The Art of Willi Domgraf-Fassbaender
The Germans were so much better than the Italians or Americans at making operatic records during this period. They provided a conductor, chorus and orchestra who, for the most part, sounded as though they had thought about it afresh rather than going through old routine; and they also provided space. Instead of those dry Victor studios where everything is boxed-in, there was a sense of freedom, so that it is sometimes necessary to look again at the date to check that this is a pre- and not post-war recording. With that comes an awareness of intelligence: even so sensitive an Italian baritone as Giuseppe de Luca strikes one as a singer unenquiringly involved when compared with the quick-minded art practised by this generation of Germans. Domgraf-Fassbaender sees (or suggests) so much more clearly the irony of Figaro’s minuet-like tune in “Se vuol ballare” and then the waspish energy of its allegro. In the Italian repertoire itself the meaning is usually much more specific, so that (for instance) the aria “Alla vita” from Un ballo in maschera carries such conviction and urgency that the listener is drawn in to catch what the aria is about rather than sitting back to enjoy sound for its own sake.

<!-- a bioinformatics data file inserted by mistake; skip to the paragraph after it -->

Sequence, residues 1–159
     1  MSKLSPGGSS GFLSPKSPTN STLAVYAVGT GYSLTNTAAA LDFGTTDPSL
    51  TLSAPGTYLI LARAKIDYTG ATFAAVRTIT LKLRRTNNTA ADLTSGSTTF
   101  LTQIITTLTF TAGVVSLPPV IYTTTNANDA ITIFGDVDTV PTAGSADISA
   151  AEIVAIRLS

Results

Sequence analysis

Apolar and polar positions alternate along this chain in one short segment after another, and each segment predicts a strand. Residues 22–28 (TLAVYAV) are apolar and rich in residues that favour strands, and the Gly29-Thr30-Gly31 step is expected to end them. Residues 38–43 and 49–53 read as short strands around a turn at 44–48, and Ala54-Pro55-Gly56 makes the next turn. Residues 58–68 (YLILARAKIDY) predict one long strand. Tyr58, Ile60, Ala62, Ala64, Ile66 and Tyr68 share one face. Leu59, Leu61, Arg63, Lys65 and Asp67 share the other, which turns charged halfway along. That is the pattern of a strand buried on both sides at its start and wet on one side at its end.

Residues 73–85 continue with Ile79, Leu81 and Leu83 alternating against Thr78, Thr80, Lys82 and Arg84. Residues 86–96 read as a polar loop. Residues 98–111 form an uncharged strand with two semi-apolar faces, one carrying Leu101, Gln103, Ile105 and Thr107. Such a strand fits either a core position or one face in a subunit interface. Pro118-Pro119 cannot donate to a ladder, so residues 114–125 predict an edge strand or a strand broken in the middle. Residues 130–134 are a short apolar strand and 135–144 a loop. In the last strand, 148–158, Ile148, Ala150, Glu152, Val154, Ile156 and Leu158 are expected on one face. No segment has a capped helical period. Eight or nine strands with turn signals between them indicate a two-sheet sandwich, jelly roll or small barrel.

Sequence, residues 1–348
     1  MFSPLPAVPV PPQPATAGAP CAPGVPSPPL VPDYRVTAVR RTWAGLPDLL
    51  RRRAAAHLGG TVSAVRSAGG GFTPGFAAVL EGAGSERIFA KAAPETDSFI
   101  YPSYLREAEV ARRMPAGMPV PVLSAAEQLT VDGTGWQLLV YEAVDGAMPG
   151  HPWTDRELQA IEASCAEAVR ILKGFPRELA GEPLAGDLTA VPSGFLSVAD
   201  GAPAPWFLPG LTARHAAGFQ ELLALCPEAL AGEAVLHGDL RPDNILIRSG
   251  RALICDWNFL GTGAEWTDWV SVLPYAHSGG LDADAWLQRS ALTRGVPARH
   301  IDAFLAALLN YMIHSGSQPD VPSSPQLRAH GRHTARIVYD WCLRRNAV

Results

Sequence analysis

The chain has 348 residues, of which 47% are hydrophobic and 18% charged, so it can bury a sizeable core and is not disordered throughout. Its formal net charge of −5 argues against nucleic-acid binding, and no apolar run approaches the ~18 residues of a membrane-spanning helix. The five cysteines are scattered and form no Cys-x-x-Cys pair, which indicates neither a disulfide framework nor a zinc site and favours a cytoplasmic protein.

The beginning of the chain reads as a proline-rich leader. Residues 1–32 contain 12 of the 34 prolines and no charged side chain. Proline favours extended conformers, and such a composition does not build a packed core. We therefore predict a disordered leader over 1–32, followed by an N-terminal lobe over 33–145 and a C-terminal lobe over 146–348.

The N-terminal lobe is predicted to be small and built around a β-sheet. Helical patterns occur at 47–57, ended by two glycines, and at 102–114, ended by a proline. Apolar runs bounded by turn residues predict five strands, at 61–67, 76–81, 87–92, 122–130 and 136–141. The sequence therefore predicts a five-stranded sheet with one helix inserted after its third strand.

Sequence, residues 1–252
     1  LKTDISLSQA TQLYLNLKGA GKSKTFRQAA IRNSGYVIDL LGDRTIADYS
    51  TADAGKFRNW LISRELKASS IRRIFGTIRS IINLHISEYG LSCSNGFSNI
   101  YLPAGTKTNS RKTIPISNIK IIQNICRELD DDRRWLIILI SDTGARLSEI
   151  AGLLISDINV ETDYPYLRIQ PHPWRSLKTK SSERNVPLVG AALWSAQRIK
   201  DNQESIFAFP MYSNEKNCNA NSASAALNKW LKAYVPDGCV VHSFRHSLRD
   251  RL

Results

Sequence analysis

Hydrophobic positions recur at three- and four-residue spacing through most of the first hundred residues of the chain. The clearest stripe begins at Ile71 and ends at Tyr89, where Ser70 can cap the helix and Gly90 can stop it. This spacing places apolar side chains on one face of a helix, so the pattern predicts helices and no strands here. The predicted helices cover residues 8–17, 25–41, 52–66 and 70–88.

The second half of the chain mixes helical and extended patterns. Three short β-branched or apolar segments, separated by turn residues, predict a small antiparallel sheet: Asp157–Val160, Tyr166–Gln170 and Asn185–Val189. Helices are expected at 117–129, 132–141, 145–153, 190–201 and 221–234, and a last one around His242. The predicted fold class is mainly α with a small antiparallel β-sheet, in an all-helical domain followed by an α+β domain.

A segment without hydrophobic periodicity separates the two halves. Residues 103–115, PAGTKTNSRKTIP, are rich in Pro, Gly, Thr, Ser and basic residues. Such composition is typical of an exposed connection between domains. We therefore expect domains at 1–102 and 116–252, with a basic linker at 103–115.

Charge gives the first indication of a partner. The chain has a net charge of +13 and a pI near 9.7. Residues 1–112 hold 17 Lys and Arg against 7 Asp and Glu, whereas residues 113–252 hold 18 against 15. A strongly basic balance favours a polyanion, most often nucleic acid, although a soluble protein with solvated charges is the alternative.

One of the great pleasures here is to find once again how well the Italian tradition of beautiful song was upheld by Germans. Domgraf-Fassbaender is so much more scrupulous than most Italians in preserving the smooth line and observing the appoggiatura-like grace-notes of the “Di Provenza” in La traviata, or in singing genuinely con garbo (“with grace, style”) in the Pagliacci duet as the score directs. That, rather curiously, is recorded twice, and in the same year (1929), first with Xenia Belmas in Italian, then with Felicie Huni-Mihacsek in German (an interesting comparison in partners too, Belmas outward-going, with a certain glamour in the voice, Huni-Mihacsek so much more tender, and often exquisite). The Huni-Mihacsek duets (eight of them) are all delightful; and there is distinction, too, in the Rigoletto sequences with Hedwig von Debicka.
Most of the records here are rarities in this country (one doesn’t often see, for instance, the Aida duet with Belmas or Trovatore with Teschemacher on the dealers’ lists). Possibly best of all is one that does turn up occasionally, a Tannhauser coupling, with a performance of the “Abendstern” to rival Janssen or Husch or Schlusnus. Fine, too, are the solos from Undine and Der Zigeunerbaron, and throughout both discs the transfers are first-rate.'